Should A Public Holocaust Memorial Have a Jewish Star?

That’s the question many atheists are asking. The state of Ohio is intending to build a Holocaust Memorial at the Ohio Statehouse that prominently features a Jewish star. It will be on public land, and 300,000 of the 2,300,000 dollars used to build it will be public money. The Freedom from Religion Foundation has sent the State of Ohio a letter claiming that the star violates the separation of Church and State, but do not currently have plans to mount a lawsuit.

The model of the proposed memorial

This spread around the atheist blogsophere fairly quickly, and there have been excellent pieces written from several perspectives. Dan Fincke was the first to bring this to broader attention, and criticized the FFRF’s position extensively. James Croft wrote about the difference between secular law and secular culture, Hemant Mehta defends the strategy, and Adam Lee called for a defense of the constitution. To try to sort out the many issues by dialogue, a varied group of atheists – lawyers, bloggers, activists, people with opinions – participated in a public Google Hangout/an online panel to discuss the morality, legality and reasonableness of the memorial and the star. I was very pleased to be invited to join, and it’s now available on youtube! Watch at your leisure:

The Questions We Discussed

  • Is the memorial legal?
  • Is it advisable to fight it?
  • Could the FFRF (Freedom from Religion Foundation) win a lawsuit against it?
  • Is it an unethical use of public land?
  • What vision or version of secularism do we want to see America move towards?
  • Does the memorial endorse religion? Does it privilege religion over nonreligion?
  • Is the Jewish star a primarily or solely religious symbol?
  • And others!

Things I wish we’d had time to discuss (or discuss in more detail):

  • Ohio’s goal in building the memorial. Is it as powerful and uplifting as Ohio Jewish Communities has it,

    To create a memorial that would help legislators and visitors to The Statehouse understand not just the history of the Holocaust, but the fact that today we must stand against evil. To construct something that can teach people about man’s inhumanity to man. To create a monument to remember the victims of the Holocaust, Ohio survivors and liberators; inspiring people to think and act differently in the face of hatred, anti-Semitism and genocide.

Is it, as some of the more cynical on the panel had it, to court Jewish votes to the Republican party or to win the approval of the Jewish or Jewish sympathetic public? Is it another part of the ongoing attempt to harness the influence of Jewishness to make the case for right wing causes? Is it because the last survivors are about to die? Or perhaps, is it something we can actually take at face value, that Ohio is doing this It would have been interesting to investigate.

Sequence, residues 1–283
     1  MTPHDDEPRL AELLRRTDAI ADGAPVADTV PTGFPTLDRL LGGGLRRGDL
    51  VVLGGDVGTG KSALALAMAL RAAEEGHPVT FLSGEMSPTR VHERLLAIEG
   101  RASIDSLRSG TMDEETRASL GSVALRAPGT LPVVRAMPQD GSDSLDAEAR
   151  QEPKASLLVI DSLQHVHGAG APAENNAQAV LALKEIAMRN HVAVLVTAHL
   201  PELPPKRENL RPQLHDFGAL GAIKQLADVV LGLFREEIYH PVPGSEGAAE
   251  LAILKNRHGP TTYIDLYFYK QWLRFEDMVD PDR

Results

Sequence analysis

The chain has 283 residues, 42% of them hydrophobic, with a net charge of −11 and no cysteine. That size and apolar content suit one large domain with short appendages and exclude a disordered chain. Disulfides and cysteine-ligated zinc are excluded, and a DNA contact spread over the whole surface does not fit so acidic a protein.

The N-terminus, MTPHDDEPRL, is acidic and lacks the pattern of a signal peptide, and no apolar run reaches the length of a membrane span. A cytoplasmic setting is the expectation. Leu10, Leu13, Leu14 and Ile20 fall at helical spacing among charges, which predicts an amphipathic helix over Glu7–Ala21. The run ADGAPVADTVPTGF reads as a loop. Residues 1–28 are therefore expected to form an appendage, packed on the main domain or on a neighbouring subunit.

• The relevance of the first line of the intended inscription: “Inspired by the Ohio soldiers who were part of the American Liberation and survivors who made Ohio your home.” How did this not come up? How did no one (myself included) know about it? How does this not make it absolutely relevant to the American context? And this ties it in so beautifully to one of the other lines of the inscription, the Jewish proverb, “If you save one life, it is as if you have saved the world.”
  • What a truly inclusive memorial would look like, and what we would like to see in it
  • Hopes for memorials to the Romany, to the Jehovah’s witnesses, to the gay people and so on.

In my opinion, the best arguments against the memorial:

  • It would be relatively easy to remove the star or make it not the only symbol present on the monument, so the cost of making everyone happy is low
  • We don’t want to allow a precedent of religious symbols on public land
  • We must fight the contrived Judeo-Christian alliance based on Dominionist, theocratic values that may have been the basis for the decision to build the monument

In my opinion, the best arguments in favor:

  • The Jews were central to the Holocaust, the Jewish star is the best symbol to represent Jews, and thus a prominent Jewish star is entirely reasonable on a Holocaust memorial
  • The Jewish star is a symbol of culture and ethnicity as well as religion, and it represents Secular Jews as well as religious, and both were killed in the Holocaust
  • The memorial and the star serve legitimate secular purposes and do not exist as a result of favoritism of Jews over others or religious people over the nonreligious
  • This does not advance the causes of atheist acceptance or religious liberty
  • The proposed inscription is beautifully inclusive, paying homage to the

six million Jews who perished in the Holocaust and millions more including prisoners of war, ethnic and religious minorities, homosexuals, the mentally ill, the disabled, and political dissidents were suffered under Nazi Germany

Also, keep an eye on this google plus link for an upcoming public discussion from me and Miri Mogilevsky about Jewish atheism, which I imagine would be relevant to this broader conversation.

I’d love to hear more thoughts about the Holocaust memorial in comments! What would you like to have seen in the discussion?

More links on the topic here:

2 thoughts on “Should A Public Holocaust Memorial Have a Jewish Star?

  1. Amyclae says:

    I found that this quote ‘did it for me.’

    “They conflate the affirmation of the Jewish people’s dignity, endurance, and victory over one of the world’s most monstrous and horrific attempts at utter genocide with a government endorsement of the Jewish religion or religion in general. This is unbelievably historically and culturally ignorant.”

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